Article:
ClassPass founder Payal Kadakia says it’s all about having a plan A and B (and sometimes C).

By Jacqueline Schneider
Updated Mar 13, 2020 @ 4:00 pm
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Marinke-Davelaar Photography

By this point in the year, New Year’s Resolutions are hardly on anyone’s radar. In fact, research has shown that most resolutions are broken by January 19 (and only 60% of people make them in the first place). But if you want to make sure (mental and physical) fitness is a part of your life, or you’re after some specific health result, setting goals to work toward is a great way to make that happen. Goal-setting (and keeping) feels both empowering and exhausting, intimidating and inspiring. Perhaps nobody knows this better than Payal Kadakia, the founder of fitness and wellness app ClassPass.

While the road to entrepreneurial success (and fitness) wasn’t always a straight path forward, Kadakia’s little app recently reached a $1B valuation. She’s now up to 700 employees and over 100,000 reservations made through ClassPass, but that all came after a company name change and several failed business models along the way (Classtivity launched in 2012; it became ClassPass in 2014).

Point being, Kadakia is a fan of having options, and in fact that’s the core of her most relatable hack for making sure she leads with health. In a recent interview about her goal-setting, the founder told InStyle that she makes several daily plans (a plan A, B, and C) so she still has more than one way to succeed if her “ideal” workout plan should fail. (Relatable.) As a new mom, founder, and boss with a stacked schedule, Payal is someone to take notes from. “It’s all about priorities,” she says, “you need to prioritize yourself.”

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What advice do you have for those looking to jumpstart the fitness goals they made at the beginning of the year?

I usually set quarterly goals. My issue with New Year’s Resolutions is that 12 months is way too much time! The way I like to think of 12 months is more like how do I want to feel in a year and now what do I want to achieve.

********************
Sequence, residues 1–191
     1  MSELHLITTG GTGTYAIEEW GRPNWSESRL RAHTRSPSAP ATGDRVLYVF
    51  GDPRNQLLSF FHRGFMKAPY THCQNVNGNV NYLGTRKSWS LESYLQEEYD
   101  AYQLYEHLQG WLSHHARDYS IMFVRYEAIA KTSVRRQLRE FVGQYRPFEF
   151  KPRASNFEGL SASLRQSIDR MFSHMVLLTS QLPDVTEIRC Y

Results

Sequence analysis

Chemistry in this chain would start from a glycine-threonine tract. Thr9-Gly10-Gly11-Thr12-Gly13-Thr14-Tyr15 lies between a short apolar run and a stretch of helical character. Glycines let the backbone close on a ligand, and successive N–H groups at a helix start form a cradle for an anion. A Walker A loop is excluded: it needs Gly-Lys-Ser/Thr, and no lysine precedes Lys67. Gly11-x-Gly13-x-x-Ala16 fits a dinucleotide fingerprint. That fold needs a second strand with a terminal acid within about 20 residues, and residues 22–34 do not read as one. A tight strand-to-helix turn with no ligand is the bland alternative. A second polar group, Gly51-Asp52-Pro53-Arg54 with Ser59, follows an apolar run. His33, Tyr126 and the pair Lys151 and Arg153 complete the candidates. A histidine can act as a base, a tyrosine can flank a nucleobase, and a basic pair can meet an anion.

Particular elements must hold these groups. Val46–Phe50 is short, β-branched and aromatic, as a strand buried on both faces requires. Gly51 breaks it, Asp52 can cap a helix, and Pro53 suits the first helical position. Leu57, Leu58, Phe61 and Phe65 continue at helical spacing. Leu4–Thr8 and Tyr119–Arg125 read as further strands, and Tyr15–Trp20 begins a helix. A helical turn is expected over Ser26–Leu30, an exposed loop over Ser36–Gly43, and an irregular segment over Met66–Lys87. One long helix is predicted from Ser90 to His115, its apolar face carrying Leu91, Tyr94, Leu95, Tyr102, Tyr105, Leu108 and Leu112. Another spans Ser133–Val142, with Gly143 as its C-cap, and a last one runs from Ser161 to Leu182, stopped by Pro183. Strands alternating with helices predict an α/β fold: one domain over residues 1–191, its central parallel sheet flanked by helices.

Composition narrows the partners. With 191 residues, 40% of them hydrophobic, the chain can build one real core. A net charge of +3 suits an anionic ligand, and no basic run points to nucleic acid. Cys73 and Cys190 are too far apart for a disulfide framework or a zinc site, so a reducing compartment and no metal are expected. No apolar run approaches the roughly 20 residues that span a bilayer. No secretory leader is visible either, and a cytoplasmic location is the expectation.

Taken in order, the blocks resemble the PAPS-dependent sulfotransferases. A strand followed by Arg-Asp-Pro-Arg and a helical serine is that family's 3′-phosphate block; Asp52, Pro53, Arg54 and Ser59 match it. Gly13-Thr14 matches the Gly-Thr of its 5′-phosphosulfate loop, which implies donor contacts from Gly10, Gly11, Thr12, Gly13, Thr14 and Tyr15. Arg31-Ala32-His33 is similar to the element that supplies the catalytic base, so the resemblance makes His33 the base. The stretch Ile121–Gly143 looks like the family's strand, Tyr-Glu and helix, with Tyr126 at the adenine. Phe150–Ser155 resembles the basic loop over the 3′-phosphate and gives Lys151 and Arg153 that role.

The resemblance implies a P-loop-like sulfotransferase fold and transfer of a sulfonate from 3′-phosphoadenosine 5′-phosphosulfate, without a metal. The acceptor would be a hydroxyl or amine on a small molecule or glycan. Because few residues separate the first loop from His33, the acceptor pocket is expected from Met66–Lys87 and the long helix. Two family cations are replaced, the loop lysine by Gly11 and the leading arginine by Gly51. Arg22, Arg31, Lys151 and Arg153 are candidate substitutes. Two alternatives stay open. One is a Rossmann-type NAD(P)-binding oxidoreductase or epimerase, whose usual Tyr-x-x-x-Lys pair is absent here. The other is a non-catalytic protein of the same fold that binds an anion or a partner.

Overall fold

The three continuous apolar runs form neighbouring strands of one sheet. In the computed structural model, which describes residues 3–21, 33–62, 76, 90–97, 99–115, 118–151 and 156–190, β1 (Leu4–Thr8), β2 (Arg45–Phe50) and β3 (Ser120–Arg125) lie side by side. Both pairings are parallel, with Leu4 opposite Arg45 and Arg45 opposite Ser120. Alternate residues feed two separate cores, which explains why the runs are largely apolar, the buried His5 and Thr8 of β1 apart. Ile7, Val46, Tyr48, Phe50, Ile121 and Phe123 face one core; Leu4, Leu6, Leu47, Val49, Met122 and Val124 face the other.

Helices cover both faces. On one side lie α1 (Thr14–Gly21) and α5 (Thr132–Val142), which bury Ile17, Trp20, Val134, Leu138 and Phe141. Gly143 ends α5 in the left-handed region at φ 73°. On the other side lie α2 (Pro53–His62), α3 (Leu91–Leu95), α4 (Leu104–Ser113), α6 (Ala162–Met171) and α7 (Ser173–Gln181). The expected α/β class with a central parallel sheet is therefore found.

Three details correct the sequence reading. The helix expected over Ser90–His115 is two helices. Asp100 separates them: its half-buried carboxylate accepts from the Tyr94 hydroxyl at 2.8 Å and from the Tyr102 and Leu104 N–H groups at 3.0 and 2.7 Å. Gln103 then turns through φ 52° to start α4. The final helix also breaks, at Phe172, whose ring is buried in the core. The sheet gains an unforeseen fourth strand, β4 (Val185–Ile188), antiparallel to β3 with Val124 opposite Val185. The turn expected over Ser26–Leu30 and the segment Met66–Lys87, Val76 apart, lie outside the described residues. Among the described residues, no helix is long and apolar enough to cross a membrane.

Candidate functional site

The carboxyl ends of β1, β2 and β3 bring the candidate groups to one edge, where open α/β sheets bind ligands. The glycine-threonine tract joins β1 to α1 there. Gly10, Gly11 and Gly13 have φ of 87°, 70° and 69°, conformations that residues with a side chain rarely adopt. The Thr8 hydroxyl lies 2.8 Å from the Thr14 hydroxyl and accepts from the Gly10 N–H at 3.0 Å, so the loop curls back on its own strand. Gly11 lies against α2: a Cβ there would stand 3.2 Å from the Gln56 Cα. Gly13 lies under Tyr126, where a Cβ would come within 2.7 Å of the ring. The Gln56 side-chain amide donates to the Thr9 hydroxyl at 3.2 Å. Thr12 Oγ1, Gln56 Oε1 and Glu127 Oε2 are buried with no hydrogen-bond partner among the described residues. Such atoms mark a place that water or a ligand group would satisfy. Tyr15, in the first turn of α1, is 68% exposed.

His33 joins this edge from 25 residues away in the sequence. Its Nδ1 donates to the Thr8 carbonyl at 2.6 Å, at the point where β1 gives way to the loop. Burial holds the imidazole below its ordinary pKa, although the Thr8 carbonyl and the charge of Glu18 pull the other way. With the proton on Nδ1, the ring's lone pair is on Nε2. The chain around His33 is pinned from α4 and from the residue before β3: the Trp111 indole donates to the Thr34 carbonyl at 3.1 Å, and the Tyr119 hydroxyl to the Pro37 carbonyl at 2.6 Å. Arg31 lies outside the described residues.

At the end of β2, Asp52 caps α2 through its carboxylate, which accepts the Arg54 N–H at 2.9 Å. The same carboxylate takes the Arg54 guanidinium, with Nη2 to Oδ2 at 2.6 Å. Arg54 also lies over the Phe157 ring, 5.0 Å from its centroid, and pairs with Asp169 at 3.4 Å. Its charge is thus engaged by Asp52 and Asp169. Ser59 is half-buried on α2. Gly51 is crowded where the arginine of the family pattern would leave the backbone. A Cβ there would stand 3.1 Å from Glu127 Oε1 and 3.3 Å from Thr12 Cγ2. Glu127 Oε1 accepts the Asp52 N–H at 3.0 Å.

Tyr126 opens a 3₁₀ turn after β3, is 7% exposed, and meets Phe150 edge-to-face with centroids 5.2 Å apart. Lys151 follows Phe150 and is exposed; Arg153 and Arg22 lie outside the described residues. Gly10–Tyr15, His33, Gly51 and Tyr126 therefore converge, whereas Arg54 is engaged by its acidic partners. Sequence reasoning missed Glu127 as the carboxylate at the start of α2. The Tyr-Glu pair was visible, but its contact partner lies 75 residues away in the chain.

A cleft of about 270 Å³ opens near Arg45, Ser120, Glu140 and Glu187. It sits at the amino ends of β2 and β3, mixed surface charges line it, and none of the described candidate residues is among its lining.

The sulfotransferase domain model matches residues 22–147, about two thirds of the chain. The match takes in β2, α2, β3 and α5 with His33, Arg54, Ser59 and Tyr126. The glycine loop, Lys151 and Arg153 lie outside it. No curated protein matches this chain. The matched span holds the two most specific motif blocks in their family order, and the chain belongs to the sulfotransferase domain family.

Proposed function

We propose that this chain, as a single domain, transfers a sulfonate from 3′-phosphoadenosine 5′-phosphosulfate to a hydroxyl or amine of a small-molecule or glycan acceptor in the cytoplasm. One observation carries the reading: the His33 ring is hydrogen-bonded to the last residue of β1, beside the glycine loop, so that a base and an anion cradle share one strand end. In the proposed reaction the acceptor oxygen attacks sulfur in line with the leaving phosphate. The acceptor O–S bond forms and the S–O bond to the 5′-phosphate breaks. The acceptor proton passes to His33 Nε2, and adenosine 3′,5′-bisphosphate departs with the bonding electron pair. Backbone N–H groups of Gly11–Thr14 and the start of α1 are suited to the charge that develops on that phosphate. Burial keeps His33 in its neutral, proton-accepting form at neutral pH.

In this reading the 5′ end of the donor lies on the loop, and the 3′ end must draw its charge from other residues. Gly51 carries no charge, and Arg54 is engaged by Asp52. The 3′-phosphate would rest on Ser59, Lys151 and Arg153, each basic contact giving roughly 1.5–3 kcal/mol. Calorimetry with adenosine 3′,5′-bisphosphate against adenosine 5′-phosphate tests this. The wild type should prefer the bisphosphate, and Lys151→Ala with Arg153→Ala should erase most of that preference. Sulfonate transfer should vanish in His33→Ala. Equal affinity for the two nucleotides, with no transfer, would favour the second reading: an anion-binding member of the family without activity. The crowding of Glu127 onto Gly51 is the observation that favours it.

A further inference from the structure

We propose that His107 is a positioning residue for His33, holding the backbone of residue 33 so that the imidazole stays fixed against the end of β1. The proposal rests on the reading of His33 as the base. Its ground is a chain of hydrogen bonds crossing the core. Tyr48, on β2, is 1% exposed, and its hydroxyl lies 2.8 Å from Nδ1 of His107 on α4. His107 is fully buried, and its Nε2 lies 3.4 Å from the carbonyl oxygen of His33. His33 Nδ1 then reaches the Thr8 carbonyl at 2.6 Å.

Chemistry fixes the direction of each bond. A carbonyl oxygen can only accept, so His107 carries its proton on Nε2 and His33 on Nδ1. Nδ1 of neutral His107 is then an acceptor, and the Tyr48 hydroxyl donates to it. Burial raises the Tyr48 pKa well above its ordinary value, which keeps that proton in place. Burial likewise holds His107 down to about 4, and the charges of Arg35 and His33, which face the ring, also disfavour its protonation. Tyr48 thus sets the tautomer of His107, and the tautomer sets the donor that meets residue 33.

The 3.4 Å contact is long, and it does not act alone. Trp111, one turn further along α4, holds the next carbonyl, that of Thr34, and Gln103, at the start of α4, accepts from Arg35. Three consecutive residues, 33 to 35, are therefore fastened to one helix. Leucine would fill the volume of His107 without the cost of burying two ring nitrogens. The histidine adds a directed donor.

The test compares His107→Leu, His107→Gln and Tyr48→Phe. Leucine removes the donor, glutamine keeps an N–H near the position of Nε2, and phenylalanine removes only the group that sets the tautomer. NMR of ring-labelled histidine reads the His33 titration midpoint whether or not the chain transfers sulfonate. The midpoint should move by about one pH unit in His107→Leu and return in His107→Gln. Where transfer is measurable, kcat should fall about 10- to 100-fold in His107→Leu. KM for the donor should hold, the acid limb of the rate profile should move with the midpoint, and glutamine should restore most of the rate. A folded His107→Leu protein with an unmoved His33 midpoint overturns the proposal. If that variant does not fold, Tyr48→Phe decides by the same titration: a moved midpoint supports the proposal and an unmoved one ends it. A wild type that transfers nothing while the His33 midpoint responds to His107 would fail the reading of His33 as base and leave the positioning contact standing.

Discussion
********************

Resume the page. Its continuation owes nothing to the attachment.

What does your own fitness routine look like on a daily basis?

Dance is a really big part of my life, it’s my daily movement. I also do a workout daily with a little exception now [points to pregnant belly]. I just need to move at least once a day. Getting my workout in is a non-negotiable in my calendar. I actually have a Plan A and a Plan B of what class I want to do and sometimes, I’ll even have a Plan C. I need those 30 minutes; I can’t function without it.

What about the mental side of wellness? What are your go-to self-care practices?

One of the things I’ve done for the past 10 years is that I’ll wake up in the morning, find a quote, and share it on Instagram. I think if you post something in the morning, it kind of comes back to you throughout the day. The mental health part of it is training my brain and my thinking to be on the positive side versus dwelling on the negative.

With technology weaved into wellness and self-care so much now, do you believe in digital detox?

Like most people, I struggle too. I have the time block on my phone setup, which limits my screen time. I think it’s about knowing why you are on it. I love sharing my stories on Instagram and I know they inspire people, but I don't need to live on Instagram to know what’s going on in the world, I would rather have real-life conversations and quality time with my friends. At the same time, I’ve met incredible people because of Instagram who have become my closest friends so I think it can be a double-edged sword.

How do you think making micro goals helps you achieve your blue ocean, macro goals?

You need to know your priorities – whether it’s related to your fitness routine or your business, making a decision is important. The other big thing I live by is that you can say no without saying no! If you know the non-negotiables in your life, you don’t feel guilty for saying no.

Many people vow to change their financial health for the new year – do you have any tips for that?

I think this is a really important topic. My parents immigrated here in the 1970’s – I completely had to understand the value of a dollar. Once I had my first job and was making enough money, I saved a lot. I valued my money more because one day I knew I wanted the freedom to do something big. I knew in the future I wanted to have the luxury to open up my time. At the end of the day, the trade-off is money vs time. Money can become a constraint that prevents us from doing the things we dream of. The more you feel like money is not controlling you and you understand that you control the money, the more you can sit in your power.

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How does it feel for your company to be valued at $1B?

It does feel really great and for me the most important thing is that it really shows the impact we’ve made on peoples’ lives. I also feel like as a woman — and a woman of color — I can set an example for other women by being visible, because you can’t be what you can’t see.

People who are not thinking about self-care but could benefit from it, what’s a good entry point for them?

At the end of the day you just have to act. It’s about having the experience and getting off the couch – it’s all about priorities. You need to prioritize yourself.